beaten me up. . . . He had big hands.”) Years later Andrew Sarris reported

that during a critics’ meeting Farber nearly clobbered John Simon.

In print, Farber punched at all weight levels and liked to work in close.

He said that Agee “paid out tribute like a public- address system.” He

called Sarris “a boneless Soupy Sales,” and he found Susan Sontag “cat-

like” and possessed of “a confidence that her knowledge is all- purpose

Page 182

i n d e x 173

Tom, Dick, and Harry, 46, 51

Topper, 126

Touch of Evil, 104, 138

Treasure of Sierra Madre, The, 32– 33, 77,

78, 79

Trilling, Lionel, 20

Trotskyists, 21

Troy, William, 43

Turnabout, 126, 142

Twelve Angry Men, 82

Twentieth Century, 49

Tyler, Parker: account of Rebecca and

Blondie on a Budget for the Surreal-

ist View, 11; on actors in wartime

combat films, 122; “Address to My

Mother,” 130; on American films as

group products, 118; attention to

European films and the avant- garde

in later work, 135– 37; avoidance of

the political, 27; on Lauren Bacall in

To Have and Have Not, 17; on Bicycle

Thieves, 135– 36; Chaplin: Last of the

Clowns, 114, 127– 29; on charades

played by actors, 120– 25; on Citizen

Kane, 123; Classics of the Foreign Film,

134, 135– 36; cofounding of maga-

zine View, 112; comparison of stars

to ancient gods and goddesses, 125;

concept of “crevices,” 13, 119– 22;

criticism of Underground film, 112,

138; Every Artist His Own Scandal, 134;

on experimental films, 136; as film

actor, 141; on film as myth, 125– 27; on

Gung Ho!, 130– 32; on hallucination,

12; “Hollywood Dream Suite,” 112, 130;

The Hollywood Hallucination, 3, 8, 112,

117, 122– 24, 125, 130, 132, 134; indif-

ference to directors, 141; language,

113– 14; Magic and Myth of the Movies,

3– 4, 8, 112, 117, 124, 125– 27, 130, 134,

136; Modern Things, 112; on Monsieur

Verdoux: A Comedy of Murders, 127– 29;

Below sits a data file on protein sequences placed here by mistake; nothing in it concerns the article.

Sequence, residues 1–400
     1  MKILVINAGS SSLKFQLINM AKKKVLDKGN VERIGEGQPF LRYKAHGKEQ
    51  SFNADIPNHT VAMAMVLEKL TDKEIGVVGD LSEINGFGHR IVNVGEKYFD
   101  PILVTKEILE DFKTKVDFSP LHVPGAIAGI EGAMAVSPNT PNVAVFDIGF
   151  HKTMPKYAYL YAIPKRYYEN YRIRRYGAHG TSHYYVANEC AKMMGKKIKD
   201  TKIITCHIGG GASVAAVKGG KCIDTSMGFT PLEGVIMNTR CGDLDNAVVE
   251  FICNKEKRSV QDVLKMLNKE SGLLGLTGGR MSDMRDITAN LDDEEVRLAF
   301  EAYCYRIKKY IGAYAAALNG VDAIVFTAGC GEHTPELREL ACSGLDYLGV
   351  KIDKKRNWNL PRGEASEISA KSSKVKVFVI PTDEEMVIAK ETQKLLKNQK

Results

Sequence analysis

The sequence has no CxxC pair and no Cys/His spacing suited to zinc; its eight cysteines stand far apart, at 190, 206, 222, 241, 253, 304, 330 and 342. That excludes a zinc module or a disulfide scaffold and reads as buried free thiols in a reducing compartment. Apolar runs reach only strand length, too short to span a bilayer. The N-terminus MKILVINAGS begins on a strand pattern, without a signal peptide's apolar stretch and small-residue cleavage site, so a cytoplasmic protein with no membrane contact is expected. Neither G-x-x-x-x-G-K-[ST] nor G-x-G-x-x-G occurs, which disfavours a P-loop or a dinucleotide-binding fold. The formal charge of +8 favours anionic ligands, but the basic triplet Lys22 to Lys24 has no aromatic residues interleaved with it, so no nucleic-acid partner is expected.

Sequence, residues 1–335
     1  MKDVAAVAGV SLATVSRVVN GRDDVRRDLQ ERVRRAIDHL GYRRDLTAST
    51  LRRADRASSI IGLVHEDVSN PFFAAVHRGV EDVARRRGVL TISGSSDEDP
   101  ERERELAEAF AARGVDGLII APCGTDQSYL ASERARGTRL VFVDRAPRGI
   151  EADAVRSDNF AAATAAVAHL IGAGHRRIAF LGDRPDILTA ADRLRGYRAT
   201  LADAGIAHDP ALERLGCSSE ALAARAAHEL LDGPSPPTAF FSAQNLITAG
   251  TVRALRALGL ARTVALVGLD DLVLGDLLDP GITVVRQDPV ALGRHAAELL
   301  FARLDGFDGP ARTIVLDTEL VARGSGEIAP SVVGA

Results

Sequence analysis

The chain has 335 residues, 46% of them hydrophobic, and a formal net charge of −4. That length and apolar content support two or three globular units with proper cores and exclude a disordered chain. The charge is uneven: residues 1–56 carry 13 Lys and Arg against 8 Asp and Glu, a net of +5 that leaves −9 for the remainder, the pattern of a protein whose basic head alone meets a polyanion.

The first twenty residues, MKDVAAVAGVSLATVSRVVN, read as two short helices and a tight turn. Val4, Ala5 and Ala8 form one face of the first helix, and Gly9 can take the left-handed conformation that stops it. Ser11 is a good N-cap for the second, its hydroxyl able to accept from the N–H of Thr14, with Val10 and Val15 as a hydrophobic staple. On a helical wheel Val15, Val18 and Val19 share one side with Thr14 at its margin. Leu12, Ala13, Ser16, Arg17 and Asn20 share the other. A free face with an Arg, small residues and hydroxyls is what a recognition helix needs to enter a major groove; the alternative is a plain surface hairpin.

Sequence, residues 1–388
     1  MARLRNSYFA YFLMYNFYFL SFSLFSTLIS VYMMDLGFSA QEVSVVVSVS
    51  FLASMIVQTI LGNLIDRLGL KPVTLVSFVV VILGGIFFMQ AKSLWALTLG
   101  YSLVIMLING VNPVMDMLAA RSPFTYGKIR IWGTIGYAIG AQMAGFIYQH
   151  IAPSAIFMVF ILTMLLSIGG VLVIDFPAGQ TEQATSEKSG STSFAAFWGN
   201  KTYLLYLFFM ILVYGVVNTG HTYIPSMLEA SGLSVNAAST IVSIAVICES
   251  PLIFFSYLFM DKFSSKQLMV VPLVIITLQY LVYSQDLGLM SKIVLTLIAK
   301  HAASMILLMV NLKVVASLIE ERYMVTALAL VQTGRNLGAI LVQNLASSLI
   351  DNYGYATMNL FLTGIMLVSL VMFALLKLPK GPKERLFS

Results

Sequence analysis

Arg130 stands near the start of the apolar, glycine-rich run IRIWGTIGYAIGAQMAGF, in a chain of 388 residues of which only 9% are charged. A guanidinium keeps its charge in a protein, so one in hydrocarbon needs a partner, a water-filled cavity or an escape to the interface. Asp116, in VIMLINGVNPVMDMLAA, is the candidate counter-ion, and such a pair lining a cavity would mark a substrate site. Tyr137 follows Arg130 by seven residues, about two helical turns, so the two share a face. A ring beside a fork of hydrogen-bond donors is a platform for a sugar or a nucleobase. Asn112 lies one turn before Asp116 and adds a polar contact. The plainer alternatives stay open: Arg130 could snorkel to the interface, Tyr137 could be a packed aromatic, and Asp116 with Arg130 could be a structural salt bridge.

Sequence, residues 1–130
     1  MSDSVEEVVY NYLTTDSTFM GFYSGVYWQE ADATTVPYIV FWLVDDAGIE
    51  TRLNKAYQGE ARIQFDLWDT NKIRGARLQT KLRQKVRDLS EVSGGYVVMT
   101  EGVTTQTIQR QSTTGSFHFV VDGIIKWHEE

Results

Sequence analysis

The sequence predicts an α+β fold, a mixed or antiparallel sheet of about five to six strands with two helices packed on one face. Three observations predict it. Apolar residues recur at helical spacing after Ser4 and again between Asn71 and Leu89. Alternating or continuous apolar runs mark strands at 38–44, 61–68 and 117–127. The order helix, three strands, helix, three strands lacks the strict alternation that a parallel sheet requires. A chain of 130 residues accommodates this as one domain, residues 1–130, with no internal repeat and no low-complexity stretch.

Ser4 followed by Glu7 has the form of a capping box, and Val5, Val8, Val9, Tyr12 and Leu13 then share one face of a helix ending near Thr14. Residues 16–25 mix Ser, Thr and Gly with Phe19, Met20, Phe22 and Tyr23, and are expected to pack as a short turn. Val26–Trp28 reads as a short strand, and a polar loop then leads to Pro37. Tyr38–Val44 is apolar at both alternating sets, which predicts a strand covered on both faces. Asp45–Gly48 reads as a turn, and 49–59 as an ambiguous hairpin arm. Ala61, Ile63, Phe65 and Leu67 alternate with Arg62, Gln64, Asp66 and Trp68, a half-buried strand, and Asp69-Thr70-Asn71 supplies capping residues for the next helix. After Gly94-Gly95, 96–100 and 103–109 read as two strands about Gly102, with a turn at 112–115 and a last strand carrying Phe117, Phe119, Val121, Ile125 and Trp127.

myth of the medicine man, 125– 26;

on narcissism of Hollywood, 118, 119;

and new film culture of 1960s, 8, 134;

A Pictorial History of Sex in Films, 135,

136; on The Picture of Dorian Gray, 14–

15, 126– 27; and poetic avant- garde, 8,

12; on post- Impressionist painting,

139; on process of studio production,

118– 19; psychoanalytic mythologi-

cal approach, 116– 17, 124, 125– 27, 129,

130, 141; publication in art journals

and little magazines, 11; recasting of

faults- and- beauties criticism, 14– 15;

and reflectionism, 114– 17; review of

films for little magazines and literary

quarterlies, 117; Screening the Sexes:

Homosexuality in the Movies, 135; self-

styled Beautiful Poet Parker Tyler, 10;

Sex Psyche Etcetera in the Film, 3, 134;

The Shadow of an Airplane Climbs the

Empire State Building: A World Theory

of Film, 134; style of late work, 135;

as Surrealist, 7, 113; and Surrealist

tradition of “irrational enlargement”

in films, 8; The Three Faces of the Film,

3, 134; Underground Film: A Critical

History, 134, 136– 37; on Mae West,

132; works, 145; The Young and the Evil

(with Charles Henri Ford), 111. See

also Rhapsodes, The (Ferguson, Agee,

Farber, and Tyler)

Ugetsu, 135

Underground films, 112, 136– 37

Understanding Fiction (Brooks and War-

ren), 32

Understanding Poetry (Brooks and War-

ren), 32

Union Station, 104

Utrillo, Maurice, 85

Vamp role, 123

Van Doren, Mark, 3, 21

Variety, 66, 71

Vidal, Gore, Myra Breckinridge, 112

Viertel, Peter, 77

View, 11, 116

Vigo, Jean, 69

Page 183

174 i n d e x

Visconti, Luchino, 137

von Stroheim, Erich, 26

Wallace, Henry, 102

Wallis, Hal, 142

Walsh, Raoul, 61, 83, 104, 134, 139, 140,


Warhol, Andy, 112, 136

Warren, Robert Penn, 32

Watts, Richard, Jr., 43

Wavelength, 137

Ways of Love, 137

Webb, Clifton, 142

Weber, Max, 85

Weinberg, Herman G., 3

Welles, Orson, 31, 47, 52, 53, 97, 123, 142;

Agee on, 61; composition, 99, 100, 101;

long static shot, 141

Wellman, William, 69, 142

West, Mae, 121, 123

Weston, Jessie, From Ritual to Romance,


We Were Strangers, 78, 80, 94, 105

What Price Glory?, 104

White Cli�s of Dover, The, 26, 61

White Elephant directors, 110, 138, 139

White Tower, 104

Wieland, Joyce, 138

Wild Bunch, The, 139

Wilde, Oscar, 122, 126

Wilder, Billy, 61, 74, 142

Wilder, Thornton, Our Town, 24

Wild Strawberries, 135

Wilson, 61

Wilson, Edmund, 20, 21

With the Marines at Tarawa, 68

Wolfe, Thomas, Look Homeward, Angel,


Wolfenstein, Martha, 116, 117, 123

Woman of Paris, A, 128

Woman’s Face, A, 120

Woolf, Virginia, 24, 30, 149

Wordsworth, William, 62

Wyler, William, 6, 47, 54, 81, 104, 142

Yearling, The, 140

Yellow Jack, 36

Young, Robert, 70

Young, Stark, 41, 42, 43, 70, 151– 52

Young, Vernon, 3

Young and the Evil, The (Parker Tyler and

Charles Henri Ford), 111

Youth Runs Wild, 95

Zanuck, Darryl F., 142

Zéro de Conduite, 69